The iBook is designed to meet the portable computing needs of education and consumer users. In October 2004, the Company upgraded its iBook G4 line to include faster PowerPC G4 processors running up to 1.33 GHz, built-in AirPort Extreme 54 Mpbs 802.11g wireless networking and an available slot-load SuperDrive. The 12-inch model features a 1.2 GHz PowerPC G4 processor and a slot-load Combo drive, while the 14-inch models include a 1.33GHz G4 processor and either a Combo or SuperDrive optical drive. All iBook G4 models offer a full complement of I/O ports including FireWire 400, USB 2.0, a built-in 56K v.92 modem and Ethernet (10/100BASE-T), as well as an optional internal wireless Bluetooth module, for connectivity to a wide range of peripherals.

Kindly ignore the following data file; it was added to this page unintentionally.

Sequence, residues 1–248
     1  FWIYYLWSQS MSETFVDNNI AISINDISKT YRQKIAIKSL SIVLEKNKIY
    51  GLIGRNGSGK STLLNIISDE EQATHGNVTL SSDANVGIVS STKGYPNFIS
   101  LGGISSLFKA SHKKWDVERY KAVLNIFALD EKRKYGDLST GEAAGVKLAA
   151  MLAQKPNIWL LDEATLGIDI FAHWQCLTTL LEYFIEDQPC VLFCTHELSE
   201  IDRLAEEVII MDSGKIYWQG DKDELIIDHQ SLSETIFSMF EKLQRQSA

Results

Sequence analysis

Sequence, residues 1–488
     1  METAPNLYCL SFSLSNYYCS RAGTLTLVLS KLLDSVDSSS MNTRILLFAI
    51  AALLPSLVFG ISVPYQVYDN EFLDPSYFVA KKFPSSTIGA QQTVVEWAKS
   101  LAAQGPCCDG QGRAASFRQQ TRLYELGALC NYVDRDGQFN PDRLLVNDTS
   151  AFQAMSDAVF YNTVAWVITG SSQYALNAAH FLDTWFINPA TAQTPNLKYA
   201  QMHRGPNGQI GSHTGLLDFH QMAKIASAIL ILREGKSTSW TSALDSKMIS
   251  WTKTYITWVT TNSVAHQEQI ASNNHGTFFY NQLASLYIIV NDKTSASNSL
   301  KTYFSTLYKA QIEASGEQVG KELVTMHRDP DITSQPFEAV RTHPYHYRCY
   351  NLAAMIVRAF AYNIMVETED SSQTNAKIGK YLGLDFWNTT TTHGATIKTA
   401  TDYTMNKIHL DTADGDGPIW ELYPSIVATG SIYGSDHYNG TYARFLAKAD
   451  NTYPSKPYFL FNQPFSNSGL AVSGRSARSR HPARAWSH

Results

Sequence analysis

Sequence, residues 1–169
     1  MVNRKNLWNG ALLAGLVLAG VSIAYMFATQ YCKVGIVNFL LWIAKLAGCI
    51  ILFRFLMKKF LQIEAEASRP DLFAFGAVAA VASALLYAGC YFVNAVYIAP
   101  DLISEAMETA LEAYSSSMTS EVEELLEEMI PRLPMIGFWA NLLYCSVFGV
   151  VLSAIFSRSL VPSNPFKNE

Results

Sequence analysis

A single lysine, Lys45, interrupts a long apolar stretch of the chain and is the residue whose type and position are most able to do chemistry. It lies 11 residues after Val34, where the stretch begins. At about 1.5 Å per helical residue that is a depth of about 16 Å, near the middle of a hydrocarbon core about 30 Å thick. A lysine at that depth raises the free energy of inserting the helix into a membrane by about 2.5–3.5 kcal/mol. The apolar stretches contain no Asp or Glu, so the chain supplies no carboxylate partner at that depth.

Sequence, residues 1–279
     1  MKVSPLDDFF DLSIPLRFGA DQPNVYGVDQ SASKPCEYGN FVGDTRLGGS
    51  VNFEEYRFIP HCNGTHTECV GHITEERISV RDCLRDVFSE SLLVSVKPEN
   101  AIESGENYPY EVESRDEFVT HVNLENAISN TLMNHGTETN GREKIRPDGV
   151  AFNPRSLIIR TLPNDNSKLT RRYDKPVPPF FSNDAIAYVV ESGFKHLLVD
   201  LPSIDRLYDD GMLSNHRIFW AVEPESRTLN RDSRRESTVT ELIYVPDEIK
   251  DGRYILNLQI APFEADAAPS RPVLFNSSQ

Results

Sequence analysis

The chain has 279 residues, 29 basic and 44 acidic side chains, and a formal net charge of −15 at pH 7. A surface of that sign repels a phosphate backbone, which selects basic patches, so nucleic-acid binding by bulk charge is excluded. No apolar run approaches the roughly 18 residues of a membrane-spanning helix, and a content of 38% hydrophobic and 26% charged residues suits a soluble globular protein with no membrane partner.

Music Products and Services The Company offers its iPod line of digital music players and related accessories to Macintosh and Windows users. The Company also provides an online service to distribute third-party music and audio books through its iTunes Music Store. Net sales of iPods and other music products and services generated year-over-year revenue growth of 316% and accounted for 19% of the Company’s total net sales in fiscal 2004. In July 2004, the Company introduced the fourth generation of the iPod, the Company’s portable digital music player, featuring Apple’s patent pending click wheel, which combines a touch-sensitive wheel with five push buttons for one handed navigation, and up to 12 hours of battery life. The iPod features Apple’s patent pending Auto-Sync technology that automatically downloads an entire digital music library onto the iPod and keeps it up-to-date whenever it is plugged into a Macintosh or Windows computer using FireWire or USB. The iPod also features Shuffle Songs, which randomly plays songs in a selected play list or across the entire library. All iPods work with Apple’s iTunes digital music management software on either a Macintosh or Windows computer. The iPod is available in 20GB and 40GB models. The iPod’s functionality extends beyond playing music and listening to audio books. Other key capabilities include data storage, calendar and contact information utility, and a selection of games. With the addition of third-party iPod peripherals, the capabilities of certain iPods can be enhanced to include voice recording and photo downloading directly from certain digital cameras. Along with the iPod, the Company has developed a seamless end-to-end music solution with the Company’s iTunes software and the iTunes Music Store, a service that consumers may use to purchase third-party music and audio books over the Internet. The Company has entered into a strategic alliance with Hewlett-Packard Company (HP), which provides for a HP-branded digital music player based on the iPod, the pre-installation of iTunes software on HP’s consumer PCs and notebooks and access to the iTunes Music Store. The Company has also entered into an alliance with BMW Group for the BMW iPod Adapter, a device that offers seamless integration of the iPod and certain BMW automobiles in North America. In addition, the Company formed an alliance with Founder Technology Group Corporation, a supplier of PCs to the Chinese market that provides for the pre-installation of iTunes on all Founder Technology Windows-based PCs. A similar alliance was formed with Synnex Technology International Corporation, a Taiwan-based wholesaler and distributor of personal computers, for the pre-installation of iTunes on its Windows-based laptop and desktop PCs. In October 2004, the Company introduced the iPod U2 Special Edition as part of a strategic alliance with the musical band, U2, and Universal Music Group. The U2 iPod holds up to 5,000 songs, features a black enclosure with a red click wheel and custom engraving of U2 band member signatures. iPod photo In October 2004, the Company introduced iPod photo. The iPod photo holds digital photos alongside the music library and displays them on its high-resolution color screen, which allows users to scroll through the photo library almost instantly using iPod’s patent pending click wheel. iPod photo can auto sync music and photos with a Macintosh or Windows-based computer. The iPod photo also allows users to simultaneously play music and view photo slideshows on the iPod, as well as on televisions and projectors. The iPod photo comes in 40GB or 60GB models and has an extended battery life that gives users up to 15 hours of music playback or up to 5 hours of slideshows. The iPod photo can hold up to 25,000 digital photos or 15,000 digital songs. iPod mini In January 2004, the Company introduced the iPod mini. Smaller and lighter than the iPod, the iPod mini has storage capacity of 4GB and holds up to 1,000 songs, utilizes the patent pending click wheel and is encased in an anodized aluminum case available in a selection of five colors: silver, gold, pink, blue or green. The iPod mini retains the same user interface as the iPod and works seamlessly with the Company’s iTunes Music Store and the iTunes software for buying, managing and listening to digital music on either a Macintosh or Windows-based computer. iTunes Music Store The Company’s iTunes Music Store, available for both Windows-based and Macintosh computers, is an online music download store that allows customers to find, purchase, and download third-party digital music and audio books. Users can easily search the contents of the music store catalog to locate works by title, artist, or album, or browse the entire contents of the store by genre and artist. Users can also listen to a free 30-second preview of any song in the store. Since April 2003, the iTunes Music Store has been available to U.S. customers. A similar store became available in the U.K., France and Germany in June 2004 and was followed by the October 2004 launch of an English language music store covering nine additional European countries. The Company has also announced its intention to open an iTunes Music Store in Canada during fiscal 2005. The iTunes Music Store is fully integrated directly into the latest version of the iTunes software, allowing customers to preview, purchase, download, organize, share, and transfer their digital music to an iPod using a single software application. Further discussion on the iTunes software may be found below under the heading ‘‘Software Products and Computer Technologies.’’ Requiring no subscription fee, the iTunes Music Store with iTunes software offers customers a broad range of personal rights to the third-party content they have purchased, including playing songs on up to five personal computers, burning a single song onto CDs an unlimited number of times, burning the same playlist up to seven times, listening to their music on an unlimited number of iPod’s, and using songs in certain media applications such as iPhoto, iMovie, and iDVD. The iTunes Music Store also features availability of audio books for purchase directly from the iTunes Music Store. Additional features currently available within the U.S. iTunes Music Store include gift certificates that can be sent via e-mail, prepaid gift cards, an ‘‘allowance’’ feature that enables users to automatically deposit funds into an iTunes Music Store account every month; and ‘‘Radio Charts,’’ a feature that allows users to search and buy the top songs played on radio stations in major U.S. markets.